Dr. David Elliott, Ph.D., co-author with Dr. Daniel Brown of the book Attachment Disturbances in Adults: Treatment for Comprehensive Repair, joins IEC 2022 to present on the subject.
Ken Wilber wrote this about the book and its contents:
Attachment Disturbances in Adults is a comprehensive resource for understanding attachment, its development, its dysfunctions, its assessments, and its treatments. It covers relevant research in all these areas, grounding it in evidence-based actualities. But it is the book’s comprehensiveness, its thorough inclusiveness—not only with regard to all the important aspects of attachment but to the full field of treatment approaches available for each aspect, drawn together into a coherent and compelling synthesizing framework—that make it clearly the exemplary and definitive book to date on this extraordinary topic. A brilliant must-have for clinicians, therapists, and interested laypeople alike.
/Ken Wilber, Founder of the Integral Institute; Author of Integral Psychology
An Integral Approach to Healing Attachment Insecurity
At IEC, Dr. Elliott will highlight how attachment patterns and dynamics are relevant to all of us, individually and relationally. He will show how looking at this large field through an integral lens can help us to better understand, work with, and if needed, resolve our own patterns. The integrally-informed “Three Pillars” of therapy respectfully includes and also transcends the many perspectives and approaches to therapy for attachment insecurity, and in his talk Dr. Elliott will provide an experiential taste of the innovative aspects of this approach.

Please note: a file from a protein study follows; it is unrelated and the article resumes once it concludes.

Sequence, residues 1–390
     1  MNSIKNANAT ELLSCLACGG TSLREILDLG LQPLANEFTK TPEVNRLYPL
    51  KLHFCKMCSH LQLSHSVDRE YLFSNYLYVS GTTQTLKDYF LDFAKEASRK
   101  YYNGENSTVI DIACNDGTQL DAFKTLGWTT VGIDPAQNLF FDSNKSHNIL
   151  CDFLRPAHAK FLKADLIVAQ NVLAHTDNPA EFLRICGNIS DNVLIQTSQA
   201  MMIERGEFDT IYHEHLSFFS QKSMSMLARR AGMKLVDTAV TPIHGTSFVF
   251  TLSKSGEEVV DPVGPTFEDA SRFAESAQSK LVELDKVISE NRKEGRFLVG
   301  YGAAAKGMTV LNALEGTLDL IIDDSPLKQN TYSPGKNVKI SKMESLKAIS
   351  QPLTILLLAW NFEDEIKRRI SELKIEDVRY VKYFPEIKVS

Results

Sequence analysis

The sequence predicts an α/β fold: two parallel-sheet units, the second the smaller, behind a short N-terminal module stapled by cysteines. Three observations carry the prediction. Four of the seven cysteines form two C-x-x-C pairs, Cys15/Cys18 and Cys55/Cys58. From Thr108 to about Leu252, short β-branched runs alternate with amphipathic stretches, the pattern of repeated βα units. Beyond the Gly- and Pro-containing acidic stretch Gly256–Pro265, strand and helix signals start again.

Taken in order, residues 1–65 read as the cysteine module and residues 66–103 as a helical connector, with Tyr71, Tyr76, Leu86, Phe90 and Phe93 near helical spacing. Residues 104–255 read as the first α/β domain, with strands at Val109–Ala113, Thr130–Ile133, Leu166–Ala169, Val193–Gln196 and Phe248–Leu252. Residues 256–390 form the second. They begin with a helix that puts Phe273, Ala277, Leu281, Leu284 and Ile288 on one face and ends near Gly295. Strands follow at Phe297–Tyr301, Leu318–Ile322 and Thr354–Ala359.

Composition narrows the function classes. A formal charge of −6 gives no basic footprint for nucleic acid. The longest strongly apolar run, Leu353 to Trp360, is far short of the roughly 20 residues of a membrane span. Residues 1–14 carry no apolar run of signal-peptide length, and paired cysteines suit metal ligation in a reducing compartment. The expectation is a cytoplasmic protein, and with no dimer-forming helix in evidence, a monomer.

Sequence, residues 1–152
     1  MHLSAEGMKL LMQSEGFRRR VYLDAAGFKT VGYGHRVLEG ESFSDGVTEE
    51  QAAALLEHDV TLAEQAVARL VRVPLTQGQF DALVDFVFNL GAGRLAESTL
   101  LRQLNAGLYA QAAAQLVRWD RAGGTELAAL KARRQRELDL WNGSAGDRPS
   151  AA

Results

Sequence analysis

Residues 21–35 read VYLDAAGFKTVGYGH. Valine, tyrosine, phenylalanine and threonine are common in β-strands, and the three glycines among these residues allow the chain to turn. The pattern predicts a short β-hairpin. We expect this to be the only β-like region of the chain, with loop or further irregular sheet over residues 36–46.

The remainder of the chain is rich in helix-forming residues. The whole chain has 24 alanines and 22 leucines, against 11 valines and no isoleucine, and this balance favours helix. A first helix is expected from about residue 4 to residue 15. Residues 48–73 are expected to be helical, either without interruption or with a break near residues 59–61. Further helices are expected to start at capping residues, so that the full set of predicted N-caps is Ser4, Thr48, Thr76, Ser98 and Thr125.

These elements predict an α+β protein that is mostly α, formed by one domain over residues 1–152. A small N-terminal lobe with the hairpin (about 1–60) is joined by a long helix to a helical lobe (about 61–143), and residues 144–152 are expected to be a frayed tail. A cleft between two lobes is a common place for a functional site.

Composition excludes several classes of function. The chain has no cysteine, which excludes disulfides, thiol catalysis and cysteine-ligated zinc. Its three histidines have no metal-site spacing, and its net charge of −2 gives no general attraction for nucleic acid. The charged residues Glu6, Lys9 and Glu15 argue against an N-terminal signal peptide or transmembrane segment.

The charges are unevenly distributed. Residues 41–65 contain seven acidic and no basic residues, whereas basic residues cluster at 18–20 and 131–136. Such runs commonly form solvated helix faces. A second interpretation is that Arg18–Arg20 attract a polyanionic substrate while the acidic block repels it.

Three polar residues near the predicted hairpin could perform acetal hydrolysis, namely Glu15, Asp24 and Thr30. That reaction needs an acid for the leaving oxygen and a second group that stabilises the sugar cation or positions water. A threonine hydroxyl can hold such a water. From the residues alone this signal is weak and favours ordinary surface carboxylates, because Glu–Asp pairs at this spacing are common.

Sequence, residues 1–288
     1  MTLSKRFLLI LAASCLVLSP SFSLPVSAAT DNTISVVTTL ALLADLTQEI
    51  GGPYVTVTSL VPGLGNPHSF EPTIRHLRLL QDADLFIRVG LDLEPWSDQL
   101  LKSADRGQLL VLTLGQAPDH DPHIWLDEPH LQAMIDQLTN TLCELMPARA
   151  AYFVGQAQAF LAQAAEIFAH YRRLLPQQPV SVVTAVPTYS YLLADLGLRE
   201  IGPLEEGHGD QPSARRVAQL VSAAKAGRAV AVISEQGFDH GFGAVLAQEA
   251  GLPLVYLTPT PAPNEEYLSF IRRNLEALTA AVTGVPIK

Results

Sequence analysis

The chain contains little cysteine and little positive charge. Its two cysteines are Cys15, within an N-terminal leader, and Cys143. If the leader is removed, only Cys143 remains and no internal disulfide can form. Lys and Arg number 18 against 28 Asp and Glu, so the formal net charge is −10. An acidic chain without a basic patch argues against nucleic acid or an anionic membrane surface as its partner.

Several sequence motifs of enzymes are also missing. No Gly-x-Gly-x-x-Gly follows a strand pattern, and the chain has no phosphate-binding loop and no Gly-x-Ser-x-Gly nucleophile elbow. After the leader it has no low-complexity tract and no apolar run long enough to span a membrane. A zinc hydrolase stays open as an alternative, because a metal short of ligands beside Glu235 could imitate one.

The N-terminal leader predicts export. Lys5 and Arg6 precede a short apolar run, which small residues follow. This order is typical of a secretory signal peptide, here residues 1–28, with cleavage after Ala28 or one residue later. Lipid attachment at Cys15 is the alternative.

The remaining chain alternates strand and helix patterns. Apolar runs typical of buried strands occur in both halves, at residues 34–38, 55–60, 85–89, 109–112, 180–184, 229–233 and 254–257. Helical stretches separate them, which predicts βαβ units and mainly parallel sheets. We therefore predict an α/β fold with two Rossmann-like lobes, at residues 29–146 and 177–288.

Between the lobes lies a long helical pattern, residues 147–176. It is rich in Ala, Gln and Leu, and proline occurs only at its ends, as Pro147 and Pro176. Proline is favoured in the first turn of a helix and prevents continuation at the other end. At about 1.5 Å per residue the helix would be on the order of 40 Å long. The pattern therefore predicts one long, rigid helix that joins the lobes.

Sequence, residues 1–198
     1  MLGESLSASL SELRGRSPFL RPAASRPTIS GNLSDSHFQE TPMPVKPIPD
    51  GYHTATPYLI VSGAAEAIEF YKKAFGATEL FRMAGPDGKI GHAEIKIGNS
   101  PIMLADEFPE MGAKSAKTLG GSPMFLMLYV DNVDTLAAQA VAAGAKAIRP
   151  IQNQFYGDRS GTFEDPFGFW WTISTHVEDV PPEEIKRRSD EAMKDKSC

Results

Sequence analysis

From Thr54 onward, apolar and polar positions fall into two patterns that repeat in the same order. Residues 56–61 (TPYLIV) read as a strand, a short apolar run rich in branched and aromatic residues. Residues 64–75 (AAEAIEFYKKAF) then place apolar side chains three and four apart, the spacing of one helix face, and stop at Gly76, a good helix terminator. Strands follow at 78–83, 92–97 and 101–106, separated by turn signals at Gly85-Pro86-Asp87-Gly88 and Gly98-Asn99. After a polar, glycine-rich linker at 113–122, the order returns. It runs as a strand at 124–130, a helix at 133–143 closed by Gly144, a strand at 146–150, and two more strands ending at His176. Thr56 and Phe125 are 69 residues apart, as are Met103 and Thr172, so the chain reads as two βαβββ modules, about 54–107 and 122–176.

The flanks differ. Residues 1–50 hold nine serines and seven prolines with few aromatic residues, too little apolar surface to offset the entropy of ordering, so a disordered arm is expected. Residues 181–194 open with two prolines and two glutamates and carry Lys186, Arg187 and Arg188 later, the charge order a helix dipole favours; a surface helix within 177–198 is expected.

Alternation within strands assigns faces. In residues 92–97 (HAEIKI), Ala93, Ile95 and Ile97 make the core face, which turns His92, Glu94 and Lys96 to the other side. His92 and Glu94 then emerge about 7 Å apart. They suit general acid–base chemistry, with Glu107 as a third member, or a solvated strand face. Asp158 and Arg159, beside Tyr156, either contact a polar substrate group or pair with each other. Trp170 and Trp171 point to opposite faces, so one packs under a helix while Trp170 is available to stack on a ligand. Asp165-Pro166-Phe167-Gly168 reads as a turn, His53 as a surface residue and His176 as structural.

Attachment Styles & Their Role in Relationships
In a 2021 article, Dr. Elliott wrote that “Attachment patterns result from experiences in early relationships and appear in subsequent relationships. Any attachment pattern indicates a predisposition to expect a particular type of experience when in relationship with others, based on what has been experienced with important others early in life.”
From his website: “Attachment describes a type of bond that develops between infants and parents or caregivers, and ideally that bond is secure, meaning that the growing child consistently feels safe and experiences that his or her caregivers will more often than not be available, attuned, protective, comforting, and delighted by and encouraging of his or her unique self. If the attachment bond is insecure, then the child does not sufficiently experience these with his or her caregiver”.
If insecurity is not resolved, then the growing child and eventual adult will have expectations (conscious or not) that in close relationships he or she will continue to feel some mix of being not welcomed, not attuned to, not protected, not comforted, not delighted in, and not encouraged to be oneself. Often there is expectation of being hurt in some way.